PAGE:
I hate the Fourth Of July.
Call me unpatriotic and ungrateful and un-American all you want. Because I know I’m not. I just don’t understand what blowing things up has to do with celebrating our nation’s independence.
It wasn’t always this way. I have fond memories of climbing up on to the flat roof of my childhood home to watch the firework display put on each year at the Villa Plaza shopping center about a mile away. Perhaps we capped off the evening with a few sparklers and s’mores from the bonfire and the yummy knowingness that summer had only just begun. As I grew older, I would watch the Seattle waterfront fireworks show and oooh and aaah over each increasingly more spectacular display, giddy as we awaited the grand finale’s burst of color and light. On our last trip to Disneyland, we reluctantly waited for the fireworks show to begin, only to be left slack-jawwed and speechless by the impressive display. I remember saying then that I didn’t need to watch another fireworks show after that. It truly was that good. (C’mon, Tinkerbell actually flew through the air! Who does that?)
I used to think it simply wasn’t in my DNA. I was convinced that this affection for exploding things was strictly a Y-chromosone thing. During my tenure at television stations, I would watch my male colleagues excitedly jog frame-by-frame through a video of something exploding–it didn’t really matter what it was, a car, a box, a watermelon–and spend hours intently fascinated by the exact point of combustion and the trajectory of the tiny exploding parts. They would call me over, excited to share this visual candy with me, and I would shake my head, baffled by what all the fuss was about. I didn’t get it. So I thought it was a Guy Thing. But then I was reminded of my sister, normally quite reserved and unassuming, whose favorite day of the entire year was July 4th. She and her family would gather an impressive assortment of fireworks and spend the evening setting them off in the woodsy confines of their property in Redmond. My oldest sister would turn into a little kid again, the annual fireworks tradition lighting her up from the inside-out.
And then I moved to unincorporated Snohomish County. You can blow things up out here.
The firework stands go up about a week before the Fourth. Signs at the stands remind customers that it is illegal to set fireworks off before the actual Fourth Of July. That’s kind of like telling kids in a candy shop that they have to wait a week before putting the gummy bears they just bought in their mouth. Ridiculous. So, it begins. And not just sparklers, mind you. Big, concussive, felt-in-your-chest explosions from the M-80’s purchased at the Indian reservation up north. It starts in the morning hours and continues long into the night. Day after day, for a week. The worst part is when the neighborhood kids join in the fray, setting off their purchases right outside our windows, or so it seems. My dog, Max, seems to instinctively know that it’s coming, even before the first crack and boom of the season. Like clockwork, he becomes more anxious around the third week of June and I am always puzzled until I realize what’s looming just around the corner. After years of trying prescription tranquilizers and herbal remedies, Max now sports a “Thundershirt” for a few weeks in summer–a snug-fitting dog vest that is thought to soothe rattled nerves and anxiety. It doesn’t exactly turn Max into a Zen master of tranquility, but at least it lessens the uncontrollable shaking and panting.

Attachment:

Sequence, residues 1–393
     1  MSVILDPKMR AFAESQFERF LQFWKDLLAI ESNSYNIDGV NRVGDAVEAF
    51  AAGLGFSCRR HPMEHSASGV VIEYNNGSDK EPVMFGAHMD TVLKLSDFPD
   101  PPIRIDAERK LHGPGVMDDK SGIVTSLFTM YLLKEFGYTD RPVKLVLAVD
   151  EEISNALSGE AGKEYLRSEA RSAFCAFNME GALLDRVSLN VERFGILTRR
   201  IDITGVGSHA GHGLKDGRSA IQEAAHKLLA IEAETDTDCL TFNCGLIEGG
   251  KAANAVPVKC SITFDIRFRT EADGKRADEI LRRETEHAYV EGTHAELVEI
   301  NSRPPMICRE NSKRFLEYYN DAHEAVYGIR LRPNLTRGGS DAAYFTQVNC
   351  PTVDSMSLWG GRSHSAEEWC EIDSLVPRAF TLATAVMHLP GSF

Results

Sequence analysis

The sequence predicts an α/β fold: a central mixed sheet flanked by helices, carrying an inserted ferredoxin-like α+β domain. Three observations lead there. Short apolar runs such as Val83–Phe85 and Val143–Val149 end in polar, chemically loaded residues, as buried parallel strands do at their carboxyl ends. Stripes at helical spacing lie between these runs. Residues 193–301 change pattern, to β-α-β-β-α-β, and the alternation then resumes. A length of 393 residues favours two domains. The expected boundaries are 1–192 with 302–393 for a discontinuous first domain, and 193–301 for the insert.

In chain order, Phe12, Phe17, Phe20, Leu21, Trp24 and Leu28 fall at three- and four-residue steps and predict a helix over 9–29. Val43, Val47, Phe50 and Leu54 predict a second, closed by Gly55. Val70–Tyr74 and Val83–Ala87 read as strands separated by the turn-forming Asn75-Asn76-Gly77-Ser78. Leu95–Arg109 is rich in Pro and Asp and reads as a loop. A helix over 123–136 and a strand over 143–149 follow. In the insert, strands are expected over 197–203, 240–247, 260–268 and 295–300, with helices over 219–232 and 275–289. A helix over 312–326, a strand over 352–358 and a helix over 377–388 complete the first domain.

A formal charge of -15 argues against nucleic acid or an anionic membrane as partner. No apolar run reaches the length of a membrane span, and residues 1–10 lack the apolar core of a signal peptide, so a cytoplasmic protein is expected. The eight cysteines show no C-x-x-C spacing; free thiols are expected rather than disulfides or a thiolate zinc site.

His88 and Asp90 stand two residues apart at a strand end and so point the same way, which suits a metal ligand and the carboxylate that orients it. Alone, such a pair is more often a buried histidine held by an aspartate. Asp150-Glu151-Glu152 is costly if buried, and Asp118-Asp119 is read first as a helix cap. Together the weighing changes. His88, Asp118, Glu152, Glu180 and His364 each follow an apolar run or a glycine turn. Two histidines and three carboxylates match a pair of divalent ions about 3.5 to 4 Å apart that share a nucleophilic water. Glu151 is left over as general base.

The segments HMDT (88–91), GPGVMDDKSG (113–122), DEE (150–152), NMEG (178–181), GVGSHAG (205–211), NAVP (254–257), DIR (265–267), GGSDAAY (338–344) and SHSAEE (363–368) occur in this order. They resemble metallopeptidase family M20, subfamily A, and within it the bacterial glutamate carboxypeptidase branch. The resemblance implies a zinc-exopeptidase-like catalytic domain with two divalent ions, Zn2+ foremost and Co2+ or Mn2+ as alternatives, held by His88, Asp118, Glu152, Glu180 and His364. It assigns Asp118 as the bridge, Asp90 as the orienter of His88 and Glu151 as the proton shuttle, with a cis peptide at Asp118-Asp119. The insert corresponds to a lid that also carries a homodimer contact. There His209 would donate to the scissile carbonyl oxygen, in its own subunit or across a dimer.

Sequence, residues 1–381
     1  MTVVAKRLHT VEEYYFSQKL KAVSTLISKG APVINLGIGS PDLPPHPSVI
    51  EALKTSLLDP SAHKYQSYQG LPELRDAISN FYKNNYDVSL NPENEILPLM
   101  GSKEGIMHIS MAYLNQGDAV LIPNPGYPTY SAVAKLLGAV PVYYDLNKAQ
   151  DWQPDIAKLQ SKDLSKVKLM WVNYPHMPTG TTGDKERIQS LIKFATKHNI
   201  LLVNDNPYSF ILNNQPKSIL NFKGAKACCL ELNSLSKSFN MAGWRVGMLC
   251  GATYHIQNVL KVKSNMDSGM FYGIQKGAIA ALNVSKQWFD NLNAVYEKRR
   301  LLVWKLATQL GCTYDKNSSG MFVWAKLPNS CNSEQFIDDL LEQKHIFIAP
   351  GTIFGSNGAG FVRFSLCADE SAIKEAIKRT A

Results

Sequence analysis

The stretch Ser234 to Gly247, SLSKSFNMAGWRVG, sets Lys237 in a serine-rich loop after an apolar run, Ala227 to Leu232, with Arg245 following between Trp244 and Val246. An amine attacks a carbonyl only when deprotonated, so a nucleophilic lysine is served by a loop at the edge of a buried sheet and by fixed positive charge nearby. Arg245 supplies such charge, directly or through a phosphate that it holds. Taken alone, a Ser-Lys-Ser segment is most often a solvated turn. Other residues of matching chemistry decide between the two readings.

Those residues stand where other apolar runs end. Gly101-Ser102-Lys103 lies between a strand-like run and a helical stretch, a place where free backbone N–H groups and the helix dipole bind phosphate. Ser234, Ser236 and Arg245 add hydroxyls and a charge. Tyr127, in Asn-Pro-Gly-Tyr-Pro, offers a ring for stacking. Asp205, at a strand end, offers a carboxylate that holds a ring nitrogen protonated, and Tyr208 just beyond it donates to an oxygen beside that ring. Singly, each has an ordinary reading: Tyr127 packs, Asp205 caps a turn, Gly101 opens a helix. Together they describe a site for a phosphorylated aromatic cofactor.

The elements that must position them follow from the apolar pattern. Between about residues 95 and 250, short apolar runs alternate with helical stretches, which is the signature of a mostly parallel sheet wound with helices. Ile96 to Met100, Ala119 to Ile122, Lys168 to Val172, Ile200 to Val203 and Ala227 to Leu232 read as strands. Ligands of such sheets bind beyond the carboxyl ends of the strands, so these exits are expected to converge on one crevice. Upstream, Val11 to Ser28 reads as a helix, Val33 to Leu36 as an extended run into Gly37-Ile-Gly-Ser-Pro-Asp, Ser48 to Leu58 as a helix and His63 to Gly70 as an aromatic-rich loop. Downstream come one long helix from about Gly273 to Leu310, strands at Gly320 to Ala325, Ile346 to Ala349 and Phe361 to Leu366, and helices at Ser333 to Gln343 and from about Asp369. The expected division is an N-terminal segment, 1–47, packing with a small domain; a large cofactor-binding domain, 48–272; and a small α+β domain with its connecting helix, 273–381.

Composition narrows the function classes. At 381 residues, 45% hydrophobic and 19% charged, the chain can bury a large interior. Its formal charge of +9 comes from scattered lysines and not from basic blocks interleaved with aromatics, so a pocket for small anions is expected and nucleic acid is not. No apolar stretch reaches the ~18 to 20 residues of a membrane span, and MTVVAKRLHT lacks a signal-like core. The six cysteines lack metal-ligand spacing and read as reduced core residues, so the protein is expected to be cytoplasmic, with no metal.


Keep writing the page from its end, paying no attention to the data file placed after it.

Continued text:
For a few years, our family would hang out at the neighborhood potluck/fireworks show in the nearby cul-de-sac. I like my neighbors. Game face on, I did my best to enjoy the festivities and every year there was, inevitably, the firework that went horribly wrong. The fountain that seemed to tip over every year, spraying the spectators with projectile sparks. The Roman candle that didn’t shoot off as intended. Here–have a beer, have another, grab a flame, light a fuse. By ten o’clock, my family and I are usually tucked back inside our house, resigned to wait out the clamor of the holiday, which often lasts well past midnight. And then there’s the morning after. I will be finding remnants of bottle rockets in my yard for days after the Fourth. The entire neighborhood looks (and smells) like a war zone, a haze of acrid smoke in the air, rubble everywhere, blackened asphalt and ash scattered through the streets. At our old house in Bothell, we had our porch light literally blown off by an explosion. I just don’t get it. So, we celebrate our country’s birthday by re-creating the scenes and sounds of war? WTF? I have always wondered how many war veterans truly enjoy this? If you have actually lived through war, do you really want to live it again?
I find the Fourth Of July, as celebrated in my town, gluttonous and invasive. Literally thousands of dollars up in smoke. Once you’ve seen a dozen or so pretty displays light up the sky, why do you need to see fifty (or a hundred) more? I’m all for freedom of expression, but why does your expression insist on invading my home? There’s no escaping it, save for a quick trip up to Canada. My dog is shaking, the cats are hiding, and my sleep is, at best, elusive. I don’t like it and I simply don’t get it.
So, this year, as every year, I will pray for rain, or at least a persistent drizzle. Dampness and clouds and cool temperatures to quiet the cacophony of the night. Maybe not enough to cancel the potluck altogether, but just enough to quell the crazy. I’m a sucker for tradition, so perhaps I will make a flag cake and throw some chicken and corn on the grill. Make a toast to freedom and independence. A last-ditch effort to comfort the dog before I amble upstairs to bed, hoping for at least a few hours of uninterrupted sleep. You see, I’ll be teaching a yoga class at 6:00am the next morning.
Om shanti, everyone. Peace. (Please.)